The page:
Each pianist was given their own space at first, and the majority approach seemed to be an absorbing of the lavish Stern Auditorium surroundings. Two things were noticeable. Firstly, that some degree of classicist flourish was a temptation, given the nature of the gig. Secondly, there was a lack of projection to some of the playing, a sign that these artists have become deeply accustomed to an amplified instrument. The exception here was Valdés, whose method involved a complete dominance within the hall. He was markedly louder and more expressive than the other three, making himself at home in the Stern. It was an amusingly schizophrenic solo, as Valdés switched between grandiose flourishes and earthy Cuban son phrases. Gismonti played last, diverting to a linear flow rather than the space-peppered cascades favoured by the other three. It was almost in minimalist territory, standing apart in its stylistic choices.
The second half involved a pair of duos followed by the inevitable full foursome climax. The pairing of Valdés and Rubalcaba suffered from a jokiness that was perhaps a reaction to their unattainable momentum. The ultimate quartet improvisation held the interest, but its tension of uncertainty led to frustration rather than excitement. The four never really coalesced, and the journey moved to frequent ports, never quite establishing a firm foothold. Perhaps the audience was in agreement, as there was no call for an encore. Maybe the show was satisfyingly lengthy, or maybe the urge just wasn’t there. Speaking of the audience, the majority fidgeting disease was rampantly spread. It’s astounding how many folks just candle handle sitting still any more, without openly chatting, wriggling around in their seats, attempting to film or photograph, or just plain gazing into their illuminated screens. This was mostly quiet music that demanded complete concentration.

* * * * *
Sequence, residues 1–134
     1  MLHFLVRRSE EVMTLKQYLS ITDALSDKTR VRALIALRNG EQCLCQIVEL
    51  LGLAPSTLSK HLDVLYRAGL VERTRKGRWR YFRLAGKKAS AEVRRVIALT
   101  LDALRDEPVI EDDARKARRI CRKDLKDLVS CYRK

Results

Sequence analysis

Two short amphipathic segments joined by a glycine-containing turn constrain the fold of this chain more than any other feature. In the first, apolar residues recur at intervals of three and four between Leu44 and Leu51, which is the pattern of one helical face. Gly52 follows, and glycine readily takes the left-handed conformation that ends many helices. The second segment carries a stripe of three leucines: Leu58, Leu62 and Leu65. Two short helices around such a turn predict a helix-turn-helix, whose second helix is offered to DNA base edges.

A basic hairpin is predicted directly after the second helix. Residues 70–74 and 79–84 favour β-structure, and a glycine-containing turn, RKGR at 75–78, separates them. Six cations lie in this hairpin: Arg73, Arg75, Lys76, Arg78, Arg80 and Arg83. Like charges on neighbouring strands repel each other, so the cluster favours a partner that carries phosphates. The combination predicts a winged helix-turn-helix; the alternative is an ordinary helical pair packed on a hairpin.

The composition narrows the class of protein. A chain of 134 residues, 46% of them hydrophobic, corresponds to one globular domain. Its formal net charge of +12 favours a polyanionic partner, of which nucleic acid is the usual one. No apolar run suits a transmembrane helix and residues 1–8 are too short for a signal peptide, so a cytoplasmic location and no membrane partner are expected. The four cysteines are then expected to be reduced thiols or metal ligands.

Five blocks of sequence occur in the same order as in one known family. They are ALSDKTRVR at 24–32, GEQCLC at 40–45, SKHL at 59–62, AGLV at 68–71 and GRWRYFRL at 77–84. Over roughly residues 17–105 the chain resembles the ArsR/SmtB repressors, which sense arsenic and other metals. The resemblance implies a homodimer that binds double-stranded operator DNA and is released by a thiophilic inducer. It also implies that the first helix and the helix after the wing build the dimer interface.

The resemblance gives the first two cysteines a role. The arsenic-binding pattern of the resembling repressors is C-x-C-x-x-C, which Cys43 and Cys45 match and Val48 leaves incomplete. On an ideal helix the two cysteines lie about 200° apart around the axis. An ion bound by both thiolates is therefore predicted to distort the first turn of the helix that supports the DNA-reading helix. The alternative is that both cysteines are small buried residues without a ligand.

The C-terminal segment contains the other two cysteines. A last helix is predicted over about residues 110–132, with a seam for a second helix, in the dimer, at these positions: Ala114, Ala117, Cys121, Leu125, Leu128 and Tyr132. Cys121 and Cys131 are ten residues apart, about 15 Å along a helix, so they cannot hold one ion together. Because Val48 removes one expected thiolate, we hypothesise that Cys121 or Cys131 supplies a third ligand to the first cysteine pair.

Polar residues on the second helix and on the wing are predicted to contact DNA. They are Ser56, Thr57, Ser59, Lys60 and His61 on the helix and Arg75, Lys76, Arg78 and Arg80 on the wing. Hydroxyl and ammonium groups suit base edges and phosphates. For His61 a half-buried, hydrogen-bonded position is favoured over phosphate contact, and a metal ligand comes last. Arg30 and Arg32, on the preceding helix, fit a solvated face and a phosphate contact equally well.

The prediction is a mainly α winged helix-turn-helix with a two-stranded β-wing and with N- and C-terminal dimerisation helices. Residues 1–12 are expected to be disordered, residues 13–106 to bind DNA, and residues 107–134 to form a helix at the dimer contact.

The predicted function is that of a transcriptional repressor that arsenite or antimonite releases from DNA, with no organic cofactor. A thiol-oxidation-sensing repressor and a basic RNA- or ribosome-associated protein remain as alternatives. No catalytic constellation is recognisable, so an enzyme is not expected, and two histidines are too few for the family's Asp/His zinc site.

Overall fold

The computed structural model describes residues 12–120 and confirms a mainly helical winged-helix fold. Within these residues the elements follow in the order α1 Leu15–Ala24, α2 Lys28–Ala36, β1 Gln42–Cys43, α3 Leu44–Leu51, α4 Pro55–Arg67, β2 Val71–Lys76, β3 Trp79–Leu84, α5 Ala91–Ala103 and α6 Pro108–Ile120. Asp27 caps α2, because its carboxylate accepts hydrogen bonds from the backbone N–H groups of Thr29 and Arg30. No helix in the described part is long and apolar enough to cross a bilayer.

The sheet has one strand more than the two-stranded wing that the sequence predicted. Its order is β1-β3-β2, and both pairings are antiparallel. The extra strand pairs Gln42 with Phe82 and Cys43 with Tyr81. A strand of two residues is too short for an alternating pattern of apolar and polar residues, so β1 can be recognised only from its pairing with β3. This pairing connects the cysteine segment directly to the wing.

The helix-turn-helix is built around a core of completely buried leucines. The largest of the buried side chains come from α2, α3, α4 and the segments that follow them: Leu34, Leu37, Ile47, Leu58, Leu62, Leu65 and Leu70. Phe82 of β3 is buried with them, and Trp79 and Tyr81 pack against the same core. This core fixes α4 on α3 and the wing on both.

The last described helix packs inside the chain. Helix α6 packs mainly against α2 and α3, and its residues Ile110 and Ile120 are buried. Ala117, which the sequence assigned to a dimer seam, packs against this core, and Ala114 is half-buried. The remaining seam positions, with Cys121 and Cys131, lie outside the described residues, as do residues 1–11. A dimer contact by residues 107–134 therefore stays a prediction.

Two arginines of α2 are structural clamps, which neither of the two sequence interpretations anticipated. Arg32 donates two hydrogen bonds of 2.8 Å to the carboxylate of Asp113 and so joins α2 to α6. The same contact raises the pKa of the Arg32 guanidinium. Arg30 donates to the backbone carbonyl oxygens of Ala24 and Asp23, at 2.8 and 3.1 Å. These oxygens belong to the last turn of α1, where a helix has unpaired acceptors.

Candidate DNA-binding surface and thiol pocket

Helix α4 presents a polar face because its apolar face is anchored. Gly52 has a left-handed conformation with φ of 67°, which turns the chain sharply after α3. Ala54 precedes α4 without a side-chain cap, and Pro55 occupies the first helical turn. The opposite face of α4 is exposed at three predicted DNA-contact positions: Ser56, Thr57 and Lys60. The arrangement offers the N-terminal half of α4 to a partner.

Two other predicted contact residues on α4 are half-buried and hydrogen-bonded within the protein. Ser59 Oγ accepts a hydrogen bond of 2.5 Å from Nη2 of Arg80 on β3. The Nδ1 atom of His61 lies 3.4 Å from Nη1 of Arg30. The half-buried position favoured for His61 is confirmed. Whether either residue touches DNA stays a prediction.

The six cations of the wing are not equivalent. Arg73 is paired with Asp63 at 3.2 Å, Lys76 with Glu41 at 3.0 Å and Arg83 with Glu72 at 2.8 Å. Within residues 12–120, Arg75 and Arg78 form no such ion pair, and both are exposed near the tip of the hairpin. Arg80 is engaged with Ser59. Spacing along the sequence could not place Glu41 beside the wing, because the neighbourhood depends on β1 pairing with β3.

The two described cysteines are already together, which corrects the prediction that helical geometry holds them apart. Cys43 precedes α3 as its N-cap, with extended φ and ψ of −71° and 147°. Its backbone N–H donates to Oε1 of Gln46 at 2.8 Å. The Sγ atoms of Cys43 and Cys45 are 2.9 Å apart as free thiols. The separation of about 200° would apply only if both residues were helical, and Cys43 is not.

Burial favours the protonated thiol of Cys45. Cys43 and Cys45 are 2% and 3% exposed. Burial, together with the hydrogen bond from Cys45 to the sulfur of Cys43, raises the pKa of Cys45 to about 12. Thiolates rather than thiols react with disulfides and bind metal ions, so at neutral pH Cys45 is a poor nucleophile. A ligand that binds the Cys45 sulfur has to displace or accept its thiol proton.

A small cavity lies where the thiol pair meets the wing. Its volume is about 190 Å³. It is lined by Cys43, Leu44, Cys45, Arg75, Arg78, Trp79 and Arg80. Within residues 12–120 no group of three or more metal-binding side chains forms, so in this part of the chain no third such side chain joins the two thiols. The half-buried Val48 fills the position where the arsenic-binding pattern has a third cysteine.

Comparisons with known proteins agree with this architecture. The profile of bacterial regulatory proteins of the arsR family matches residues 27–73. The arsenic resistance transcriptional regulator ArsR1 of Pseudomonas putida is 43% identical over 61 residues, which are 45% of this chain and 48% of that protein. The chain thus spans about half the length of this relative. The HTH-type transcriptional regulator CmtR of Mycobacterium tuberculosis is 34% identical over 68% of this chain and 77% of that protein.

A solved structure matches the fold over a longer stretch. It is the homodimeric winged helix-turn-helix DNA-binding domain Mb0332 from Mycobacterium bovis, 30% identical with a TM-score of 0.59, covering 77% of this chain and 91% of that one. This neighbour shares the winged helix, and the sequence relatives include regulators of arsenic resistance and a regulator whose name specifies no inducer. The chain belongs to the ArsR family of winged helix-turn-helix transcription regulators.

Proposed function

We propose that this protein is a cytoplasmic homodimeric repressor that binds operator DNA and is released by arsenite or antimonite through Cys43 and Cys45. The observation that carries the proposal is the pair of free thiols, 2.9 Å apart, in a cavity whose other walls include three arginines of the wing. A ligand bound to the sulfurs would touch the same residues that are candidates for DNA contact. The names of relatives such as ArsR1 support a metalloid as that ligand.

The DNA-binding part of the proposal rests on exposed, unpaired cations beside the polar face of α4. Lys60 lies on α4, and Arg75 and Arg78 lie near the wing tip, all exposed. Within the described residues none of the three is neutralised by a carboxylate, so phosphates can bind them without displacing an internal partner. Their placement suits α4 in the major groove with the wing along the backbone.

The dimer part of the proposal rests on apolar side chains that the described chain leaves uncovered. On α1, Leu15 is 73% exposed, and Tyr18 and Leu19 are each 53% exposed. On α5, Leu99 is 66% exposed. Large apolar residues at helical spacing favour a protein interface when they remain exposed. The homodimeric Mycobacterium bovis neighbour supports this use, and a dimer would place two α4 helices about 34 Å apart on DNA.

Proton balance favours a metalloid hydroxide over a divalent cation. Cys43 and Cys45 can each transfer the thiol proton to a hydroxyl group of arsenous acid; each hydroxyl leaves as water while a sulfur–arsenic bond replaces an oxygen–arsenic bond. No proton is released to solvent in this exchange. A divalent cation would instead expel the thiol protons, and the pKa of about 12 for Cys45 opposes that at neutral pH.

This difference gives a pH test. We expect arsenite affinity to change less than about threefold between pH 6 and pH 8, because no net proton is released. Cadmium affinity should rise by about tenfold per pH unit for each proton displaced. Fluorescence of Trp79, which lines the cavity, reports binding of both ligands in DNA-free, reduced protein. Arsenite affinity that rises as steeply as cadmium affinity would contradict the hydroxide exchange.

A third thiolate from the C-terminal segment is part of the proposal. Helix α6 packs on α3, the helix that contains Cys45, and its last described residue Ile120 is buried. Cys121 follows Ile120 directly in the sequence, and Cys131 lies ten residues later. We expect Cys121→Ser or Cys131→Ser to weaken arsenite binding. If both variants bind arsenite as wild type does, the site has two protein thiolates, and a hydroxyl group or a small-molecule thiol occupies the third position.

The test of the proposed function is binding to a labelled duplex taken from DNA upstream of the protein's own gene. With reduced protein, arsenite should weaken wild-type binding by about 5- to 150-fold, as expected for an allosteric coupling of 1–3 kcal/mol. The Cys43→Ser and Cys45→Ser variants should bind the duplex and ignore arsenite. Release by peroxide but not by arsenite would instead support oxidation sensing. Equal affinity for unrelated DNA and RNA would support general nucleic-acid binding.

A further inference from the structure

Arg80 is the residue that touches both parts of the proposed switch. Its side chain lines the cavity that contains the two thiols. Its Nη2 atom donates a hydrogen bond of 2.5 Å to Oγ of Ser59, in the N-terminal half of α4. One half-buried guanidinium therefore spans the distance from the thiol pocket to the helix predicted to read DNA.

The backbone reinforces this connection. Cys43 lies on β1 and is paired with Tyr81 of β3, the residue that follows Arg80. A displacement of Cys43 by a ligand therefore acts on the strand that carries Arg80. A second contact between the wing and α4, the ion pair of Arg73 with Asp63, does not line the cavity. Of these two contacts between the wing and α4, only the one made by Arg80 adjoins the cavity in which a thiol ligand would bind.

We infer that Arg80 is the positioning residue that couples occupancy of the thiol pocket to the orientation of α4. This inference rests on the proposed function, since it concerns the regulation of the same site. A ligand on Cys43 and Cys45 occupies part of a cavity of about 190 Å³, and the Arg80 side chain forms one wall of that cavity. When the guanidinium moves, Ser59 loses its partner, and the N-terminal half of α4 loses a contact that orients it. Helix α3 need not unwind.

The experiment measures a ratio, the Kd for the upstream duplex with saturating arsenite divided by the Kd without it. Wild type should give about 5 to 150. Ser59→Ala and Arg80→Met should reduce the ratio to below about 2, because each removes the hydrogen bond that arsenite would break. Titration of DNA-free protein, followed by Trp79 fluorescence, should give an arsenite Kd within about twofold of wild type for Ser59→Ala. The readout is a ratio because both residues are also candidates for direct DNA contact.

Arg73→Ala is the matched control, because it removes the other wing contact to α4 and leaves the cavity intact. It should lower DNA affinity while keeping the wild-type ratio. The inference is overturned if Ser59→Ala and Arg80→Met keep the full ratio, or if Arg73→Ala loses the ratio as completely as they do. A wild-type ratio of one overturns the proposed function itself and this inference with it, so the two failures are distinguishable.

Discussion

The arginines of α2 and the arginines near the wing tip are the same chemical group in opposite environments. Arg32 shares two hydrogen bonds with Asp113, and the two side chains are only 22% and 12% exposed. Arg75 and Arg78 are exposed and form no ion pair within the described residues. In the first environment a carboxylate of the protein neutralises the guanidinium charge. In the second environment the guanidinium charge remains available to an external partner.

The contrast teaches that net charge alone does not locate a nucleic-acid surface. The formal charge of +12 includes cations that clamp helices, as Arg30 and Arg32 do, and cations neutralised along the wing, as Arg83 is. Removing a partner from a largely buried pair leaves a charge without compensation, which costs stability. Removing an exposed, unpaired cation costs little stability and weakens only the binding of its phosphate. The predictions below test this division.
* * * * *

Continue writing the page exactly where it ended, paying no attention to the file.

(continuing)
Following the Carnegie gig, it was possible to savour a completely contrasting performance, caught at very close club-quarters, in the sonic embrace of Brazilian rock, funk, jazz and pop. Nublu in Alphabet City has a consistent connection with Brazilian music, besides its many other loves. Kassin is probably even more renowned as a producer than as a performer, but here was a chance to catch his own band, the night before several of its members were playing in Orquestra Imperial at Carnegie Hall, again as part of Voices From Latin America. Kassin plays bass with that large ensemble, but in his own combo he mostly sticks to guitar. Comparison with Arto Lindsay is apt, as the songs melded a pop sensibility with outbreaks of rugged rockiness. Kassin’s solos were well contrasted with those of his guitaring compadre, opting for a spiky punk atonality, whereas the latter’s licks were more descended from the flowing Santana line. Eras of rock’n’roll were clashing within one band. Kassin’s vocals were often deadpan and world-worn, but the band exuded a playful vitality, intensified by frequent saxophone solos.
Orquestra Imperial/Arnaldo Antunes
A contrasting Brazilian double bill opened with Arnaldo Antunes, a very influential singer in his homeland. Emerging from the post-punk era, this stance is still visible in his work, even though the songs are rife with pop melodies. It seems as though much of his individuality is contained within the words, so a listener’s facility with Portuguese is probably preferred. The band features a few quirky trimmings, with the use of banjo and copious guitar effects. Indeed, guitarist Edgard Scandurra employed a vocal effect that soon became an irritating novelty. Antunes sat on a high stool for much of the duration, but leaped up to demonstrate his distinctive dance moves, involving impressive footwork that seemed somehow redolent of the 1980s post-punk period. He’s no great melodicist, but Antunes is concerned with the communication of his personality and poetic sentiments.
The 20-piece Orquestra Imperial offered a more impressive spectacle. It’s difficult to fix their category, other than being obsessed with a retro glorification of a vintage form of Brazilian music that might even be an illusion. Imperial co-opt and update a range of styles into an ultimate form of nostalgic dance music, but they can’t be compartmentalised as either old school or new innovators. They’re rooted in the gafieira big band samba that stretched from the 1940s to the 1970s. Roles within the band were frequently switched, with at least four singers cavorting at the stage-front, blessed with a range of individualist voices and body languages. Their number included Thalma de Freitas and Moreno Veloso (the son of Caetano). This was obviously the right combo to play second in the evening, cumulatively gliding towards a rousing, controlled chaos of a finale.